As I mentioned in my last post I took two cookery classes at two different restaurants while I was in Luang Prabang, both of which were really interesting and enjoyable. Not sure if the toque did me any favours though.
I chose them because they started with a trip to the market (see previous post) so we could know something about the ingredients we were cooking.
The first class was with Bamboo Tree www.bambootreerestaurants.com.
I went down to the restaurant first thing and met my fellow classmates; a nice Australian lady and her two sons who were planning to become professional chefs.
Linda the restaurant owner, chef and cookery teacher explained all the ingredients we’d be using.
Here she’s talking about the many kinds of rice in Laos.
All the prep had been done for us thankfully.
But we were hands on for the actual cooking.
Here I’m making Kai Pad Phet; fried chicken with red chilli paste and coconut milk.
The best thing we learned to make was the Oua Si Khai or Stuffed Lemongrass. First you make a cage by slicing through the white part of the stalk at different angles. Video from the second class here.
The cage is stuffed with mince meat (chicken or pork) that has been seasoned with garlic, shallots, fish and soya sauce.
It’s then dipped in cornflour, egg and breadcrumbs (panko in our case).
Finally the lemongrass stalks are shallow-fried before being cut in half and served. A brief video here.
It should be served with Jeow, a chilli paste made with chillis, galangal, lemongrass, fermented soya bean paste and sometimes buffalo skin.
We also made Ho Mok Pa, steamed fish wrapped in bamboo leaf packages held together with toothpicks.
Along with the fish inside the package was lemongrass, dill, spring onion, Lao basil, eggplants, chillis, coconut miilk, fish sauce, shallots and lime leaves.
Next up was Lap Kai; spicy chicken salad.
And here we have Tam Mak Hung; Lao green papaya salad.
To decorate this we were taught a bit of cucumber art. Video here.
This is the finished Kai Pad Phet.
And of course this was accompanied by steamed sticky rice. It should be soaked overnight and then washed in three changes of water. Traditionally in Laos it’s then cooked in a bamboo steamer.
And then we sat down and ate it all. A shot or two of the national spirit, Lao Lao rice ‘whisky’, helped with digestion.
So now I’m a bonafide Laotian chef!
My second class was at The Tamarind Café www.tamarindlaos.com/cooking-school.
Again we met in the morning at their Kingkitsarath Road Restaurant and were taken on a guided tour of Phosy Market (see previous post). After this we were bussed to their dedicated cookery school at another location outside of town.
The classroom is an open sided wooden building overlooking a pond with a kitchen garden behind it.
Growing in the garden, amongst many many other things, were Pea Aubergines, Sweet Basil and some unripe Passion Fruit.
Generally Tamarind seemed better kitted out for teaching large groups. We all had our own charcoal burners for example whereas at the Bamboo Tree there were only two stations for the woks. They could have taught a much larger group which may or may not be a good thing.
Again we had an introduction to the ingredients we were making.
We made Oua Si Khai aka Stuffed Lemongrass again but this time they were only dipped in egg and not flour and breadcrumbs as well.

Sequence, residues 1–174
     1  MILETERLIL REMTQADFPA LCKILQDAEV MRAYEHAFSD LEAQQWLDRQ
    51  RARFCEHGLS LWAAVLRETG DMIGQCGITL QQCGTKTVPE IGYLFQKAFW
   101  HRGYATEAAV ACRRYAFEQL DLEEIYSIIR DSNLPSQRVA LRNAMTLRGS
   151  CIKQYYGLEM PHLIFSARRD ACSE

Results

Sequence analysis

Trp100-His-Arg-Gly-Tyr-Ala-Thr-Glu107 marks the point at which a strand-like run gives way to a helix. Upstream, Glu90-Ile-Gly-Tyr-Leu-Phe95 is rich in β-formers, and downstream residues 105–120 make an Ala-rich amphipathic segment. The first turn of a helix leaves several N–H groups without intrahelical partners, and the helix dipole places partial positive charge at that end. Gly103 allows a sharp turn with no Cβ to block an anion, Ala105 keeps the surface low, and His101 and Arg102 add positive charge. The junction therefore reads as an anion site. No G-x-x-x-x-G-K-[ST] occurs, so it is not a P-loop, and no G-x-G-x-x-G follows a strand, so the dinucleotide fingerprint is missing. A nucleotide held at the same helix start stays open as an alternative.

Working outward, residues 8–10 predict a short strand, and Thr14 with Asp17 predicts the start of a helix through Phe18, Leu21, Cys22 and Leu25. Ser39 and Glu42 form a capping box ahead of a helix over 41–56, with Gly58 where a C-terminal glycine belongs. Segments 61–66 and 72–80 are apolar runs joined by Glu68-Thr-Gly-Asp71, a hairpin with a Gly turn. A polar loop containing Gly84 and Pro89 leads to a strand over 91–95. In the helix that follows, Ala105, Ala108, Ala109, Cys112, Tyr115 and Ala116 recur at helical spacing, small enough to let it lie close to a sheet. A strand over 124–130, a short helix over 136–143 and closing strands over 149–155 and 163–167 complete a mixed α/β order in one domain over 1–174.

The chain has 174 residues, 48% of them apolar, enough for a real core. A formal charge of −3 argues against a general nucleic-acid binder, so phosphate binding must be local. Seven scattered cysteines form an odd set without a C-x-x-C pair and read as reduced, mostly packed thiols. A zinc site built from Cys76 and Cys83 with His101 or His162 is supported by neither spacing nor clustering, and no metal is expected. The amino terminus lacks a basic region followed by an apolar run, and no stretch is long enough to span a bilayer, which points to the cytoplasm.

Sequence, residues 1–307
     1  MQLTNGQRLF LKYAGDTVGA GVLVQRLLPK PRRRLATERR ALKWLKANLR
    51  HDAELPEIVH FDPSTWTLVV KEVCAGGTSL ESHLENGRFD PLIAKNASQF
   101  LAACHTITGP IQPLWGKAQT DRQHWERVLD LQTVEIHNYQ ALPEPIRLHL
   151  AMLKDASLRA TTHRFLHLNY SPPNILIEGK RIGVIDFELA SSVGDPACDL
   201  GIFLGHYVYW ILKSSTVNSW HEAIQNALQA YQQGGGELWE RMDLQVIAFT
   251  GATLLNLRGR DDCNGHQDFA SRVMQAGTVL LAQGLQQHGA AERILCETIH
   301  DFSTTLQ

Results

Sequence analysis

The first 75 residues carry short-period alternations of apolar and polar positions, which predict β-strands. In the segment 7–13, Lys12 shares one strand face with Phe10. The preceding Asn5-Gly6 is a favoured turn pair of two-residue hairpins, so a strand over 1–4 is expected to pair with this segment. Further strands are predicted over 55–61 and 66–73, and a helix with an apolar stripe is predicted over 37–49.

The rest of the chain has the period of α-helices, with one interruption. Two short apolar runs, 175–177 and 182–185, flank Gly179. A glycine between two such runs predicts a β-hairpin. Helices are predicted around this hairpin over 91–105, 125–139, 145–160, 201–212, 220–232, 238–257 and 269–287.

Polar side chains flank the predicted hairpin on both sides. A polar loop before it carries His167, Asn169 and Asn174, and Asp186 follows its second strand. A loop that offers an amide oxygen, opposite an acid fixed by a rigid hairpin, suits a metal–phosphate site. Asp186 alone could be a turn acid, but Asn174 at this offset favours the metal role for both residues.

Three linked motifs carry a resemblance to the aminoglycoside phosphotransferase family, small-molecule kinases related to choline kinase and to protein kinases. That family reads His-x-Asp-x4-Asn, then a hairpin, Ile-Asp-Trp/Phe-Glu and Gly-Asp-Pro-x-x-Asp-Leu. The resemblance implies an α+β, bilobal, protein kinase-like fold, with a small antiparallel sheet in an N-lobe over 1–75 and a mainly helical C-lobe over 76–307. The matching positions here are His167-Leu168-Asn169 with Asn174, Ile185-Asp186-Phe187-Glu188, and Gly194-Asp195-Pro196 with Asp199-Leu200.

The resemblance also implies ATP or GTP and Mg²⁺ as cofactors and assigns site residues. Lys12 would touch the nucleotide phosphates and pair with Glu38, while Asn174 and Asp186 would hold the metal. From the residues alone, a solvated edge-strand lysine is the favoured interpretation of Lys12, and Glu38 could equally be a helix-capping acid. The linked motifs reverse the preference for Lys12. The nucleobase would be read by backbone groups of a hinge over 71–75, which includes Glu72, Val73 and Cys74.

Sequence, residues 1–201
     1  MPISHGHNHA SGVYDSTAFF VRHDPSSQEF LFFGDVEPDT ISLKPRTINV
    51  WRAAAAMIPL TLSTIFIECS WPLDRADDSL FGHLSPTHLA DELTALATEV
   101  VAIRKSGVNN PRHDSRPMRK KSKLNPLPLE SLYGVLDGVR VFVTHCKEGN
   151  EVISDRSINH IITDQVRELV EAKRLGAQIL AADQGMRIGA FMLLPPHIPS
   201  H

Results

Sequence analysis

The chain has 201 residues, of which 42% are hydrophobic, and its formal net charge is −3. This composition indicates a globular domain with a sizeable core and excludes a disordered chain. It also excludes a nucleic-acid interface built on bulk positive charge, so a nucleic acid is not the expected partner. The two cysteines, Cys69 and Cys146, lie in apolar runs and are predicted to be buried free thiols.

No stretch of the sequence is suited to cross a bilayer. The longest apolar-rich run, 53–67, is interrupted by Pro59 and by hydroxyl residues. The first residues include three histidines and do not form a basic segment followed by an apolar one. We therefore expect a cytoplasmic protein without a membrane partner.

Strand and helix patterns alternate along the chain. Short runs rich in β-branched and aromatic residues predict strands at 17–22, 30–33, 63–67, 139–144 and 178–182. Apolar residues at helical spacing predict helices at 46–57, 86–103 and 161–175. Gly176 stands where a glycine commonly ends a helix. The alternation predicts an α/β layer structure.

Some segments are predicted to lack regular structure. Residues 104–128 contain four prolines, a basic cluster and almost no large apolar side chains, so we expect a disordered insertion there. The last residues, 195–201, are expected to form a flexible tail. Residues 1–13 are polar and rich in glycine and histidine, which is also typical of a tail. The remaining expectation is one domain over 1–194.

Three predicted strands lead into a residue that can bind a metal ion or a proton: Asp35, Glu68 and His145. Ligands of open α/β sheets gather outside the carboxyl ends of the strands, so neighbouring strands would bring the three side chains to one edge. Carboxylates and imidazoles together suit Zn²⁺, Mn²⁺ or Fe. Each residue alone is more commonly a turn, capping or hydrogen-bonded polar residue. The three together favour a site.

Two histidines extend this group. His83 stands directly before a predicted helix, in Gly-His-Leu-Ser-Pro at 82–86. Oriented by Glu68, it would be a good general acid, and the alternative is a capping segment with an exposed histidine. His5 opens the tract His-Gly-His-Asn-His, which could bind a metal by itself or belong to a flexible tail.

Lemongrass can be quite expensive back the UK so it was good to hear that leeks, aubergines or courgette flowers could be used instead.
We were taught to make Jeow Mak Ken, a tomato version of the chilli dipping sauce that accompanies rice and vegetables. The tomatoes, garlic and chillies should be charred in the fire first.
They’re then chopped up and mixed with scallions, coriander, fish sauce, salt and lime juice.
The stomach bile was an optional ingredient but I reckon it gave my Jeow the edge.
We were also a new way to squeeze a lime, without getting the pips in your food. Cut three flaps around the edge as in the pic, squeeze each individually then fold them back up and squeeze out the centre. You can control how much you squeeze and you shouldn’t need to wash your hands afterwards. A revelation!
Whether limes usually have pips or not proved to be a controversial issue on my Facebook page. I did some research on the pip question and found that the limes typically sold in UK supermarkets are Persian or Tahiti limes and are indeed seedless. Petite Key Limes, on the other hand, contain seeds.
We also made Mok Pa, a popular dish of fish (catfish for us) marinated in herbs and steamed in banana leaves. Video here.
This time we were taught how to warm the leaf first to make it flexible.
We were also shown how to make a parcel with twine rather than toothpicks.
Also Laap, a minced meat ‘salad’ which is the Laotian national dish.
And of course sticky rice, both white and red this time, which needed washing first.
Again it was steamed in a bamboo steamer.
After our labours it was time to eat our creations.
It was thirsty work obviously.
While we were there occasional torrential rain showers would add to the atmosphere.
Once we’d eaten we went back to make dessert, Khao Gam or Purple Sticky Rice with Coconut Sauce.
Hot water was added to grated coconut which was then squeezed and discarded. This left just the white coconut flavoured water which we then used to heat up some cooked red rice.
After garnishing with fruit jam and some sesame seeds we also added some fresh fruit such as Rambutan and Long Gong.
So you really must do at least one cookery class if you can. Of the two I’d say the Tamarind class was the best organised, most educational and in the best location but Bamboo Tree were good too.
That’s all for now. Tham Keo! Cheers!
Eating out in LP next…